Nascar officials will have cause for satisfaction this weekend, when more than 100,000 stock-car fans pack a racetrack near Sparta, Kentucky, to watch the 267-lap Quaker State 400.
The race is a sign that one of the world’s most business-savvy sports groups may be on the road to recovery after three years of soul-searching and belt-tightening.
The event marks the first time that the Kentucky Speedway has hosted the flagship Sprint Cup series, underlining Nascar’s drive to broaden its core audience, once memorably described by Sports Illustrated magazine as “tattooed, shirtless, sewer-mouthed drunks, and their husbands”.
Furthermore, unlike many Nascar events since the onset of the recession, every ticket for Saturday’s race has been sold.
“We have had a tough couple of years from a ratings and attendance viewpoint, but these have both turned round this year”, says Steve Phelps, Nascar’s chief marketing officer, citing a 9 per cent improvement in TV audiences of Sprint Cup events.
Even so, Nascar has to fight much harder than in its pre-recession heyday for spectators, TV viewers and corporate sponsors. “They are arriving at a new baseline that is below their previous levels,” says Tim Frost, head of Frost Motorsports, a consultancy.
International Speedway, which owns about half the tracks that stage leading Nascar events, reported this week that attendance at Sprint Cup events slipped 4 per cent in the second quarter from a year earlier.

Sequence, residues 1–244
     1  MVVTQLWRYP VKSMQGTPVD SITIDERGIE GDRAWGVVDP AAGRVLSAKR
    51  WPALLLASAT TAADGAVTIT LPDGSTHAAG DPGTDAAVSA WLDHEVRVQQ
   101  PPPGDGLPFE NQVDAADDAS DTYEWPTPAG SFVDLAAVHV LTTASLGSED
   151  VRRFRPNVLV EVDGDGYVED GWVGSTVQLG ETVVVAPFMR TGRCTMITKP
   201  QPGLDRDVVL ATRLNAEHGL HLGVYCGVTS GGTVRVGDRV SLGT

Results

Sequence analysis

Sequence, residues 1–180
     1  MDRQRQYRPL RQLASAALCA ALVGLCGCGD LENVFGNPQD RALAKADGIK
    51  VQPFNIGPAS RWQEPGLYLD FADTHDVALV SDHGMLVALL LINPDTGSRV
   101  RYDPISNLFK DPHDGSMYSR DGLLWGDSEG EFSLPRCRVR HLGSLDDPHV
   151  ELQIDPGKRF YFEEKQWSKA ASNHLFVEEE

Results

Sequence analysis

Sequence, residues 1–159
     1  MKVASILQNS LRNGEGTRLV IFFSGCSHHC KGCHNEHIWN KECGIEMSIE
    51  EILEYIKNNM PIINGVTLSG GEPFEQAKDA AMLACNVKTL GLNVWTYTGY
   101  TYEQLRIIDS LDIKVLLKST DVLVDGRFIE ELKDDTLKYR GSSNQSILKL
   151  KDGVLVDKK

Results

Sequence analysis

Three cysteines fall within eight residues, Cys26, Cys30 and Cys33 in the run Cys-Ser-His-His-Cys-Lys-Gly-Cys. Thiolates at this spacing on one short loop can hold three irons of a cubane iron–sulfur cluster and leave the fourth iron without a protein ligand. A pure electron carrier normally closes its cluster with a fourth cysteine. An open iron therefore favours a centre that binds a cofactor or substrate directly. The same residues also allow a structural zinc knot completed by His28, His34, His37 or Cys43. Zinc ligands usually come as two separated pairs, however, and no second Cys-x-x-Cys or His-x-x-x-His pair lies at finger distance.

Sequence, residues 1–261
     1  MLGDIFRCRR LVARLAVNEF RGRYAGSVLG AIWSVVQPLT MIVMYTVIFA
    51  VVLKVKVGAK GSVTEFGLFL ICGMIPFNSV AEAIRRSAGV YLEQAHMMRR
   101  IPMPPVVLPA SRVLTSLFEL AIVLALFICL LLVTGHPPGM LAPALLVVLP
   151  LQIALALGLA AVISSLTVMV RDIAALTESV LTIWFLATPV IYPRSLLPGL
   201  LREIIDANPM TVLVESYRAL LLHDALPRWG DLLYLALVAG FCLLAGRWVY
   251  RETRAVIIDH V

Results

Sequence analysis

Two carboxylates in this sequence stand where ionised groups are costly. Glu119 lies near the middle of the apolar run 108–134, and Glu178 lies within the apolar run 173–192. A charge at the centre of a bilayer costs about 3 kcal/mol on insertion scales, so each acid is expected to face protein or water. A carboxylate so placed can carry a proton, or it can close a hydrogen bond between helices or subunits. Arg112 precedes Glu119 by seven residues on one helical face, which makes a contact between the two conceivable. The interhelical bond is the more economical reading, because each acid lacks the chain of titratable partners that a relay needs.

Both International Speedway and Nascar, a private company, are controlled by the France family, based in Daytona Beach, Florida.
Tougher times have forced many changes, big and small. Ticket prices have come down and some racetracks now allow fans to bring their own food and drink. Drivers have become more accessible for autographs.
Other forms of entertainment are being added to boost attendance. Indianapolis Motor Speedway signed a deal with Big Machine Records, a country music label, to bring top artists to the Brickyard 400 race later this month. A large casino overlooking the Kansas Speedway is due to open early next year.
Mr Frost predicts that drivers will find their wages squeezed over the next year or two. “The dollars that were coming into the sport are no longer at those levels”, he says.
Nascar has also overhauled its hard-hit merchandising business. Instead of dealing separately with teams, sponsors and Nascar itself, among others, prospective licensees and retailers now negotiate with a centralised “licensing trust”.
More flexibility has been required to attract sponsors, a backbone of Nascar’s business model.
Les Unger, Toyota’s national motorsports manager, says “it makes financial and marketing sense to be involved. It’s an outstanding opportunity to show off our products.”
Even so, Toyota, like many other sponsors, has cut back, eliminating product displays and hospitality suites at some tracks.
Nascar now sells “fractional” sponsorships for just a few races or in specific geographical areas. It has also brought in non-profit groups as sponsors through what Mr Phelps describes as “cause-marketing”.
“It’s not that we have fewer sponsors, it’s just that they’re buying differently”, Mr Phelps says.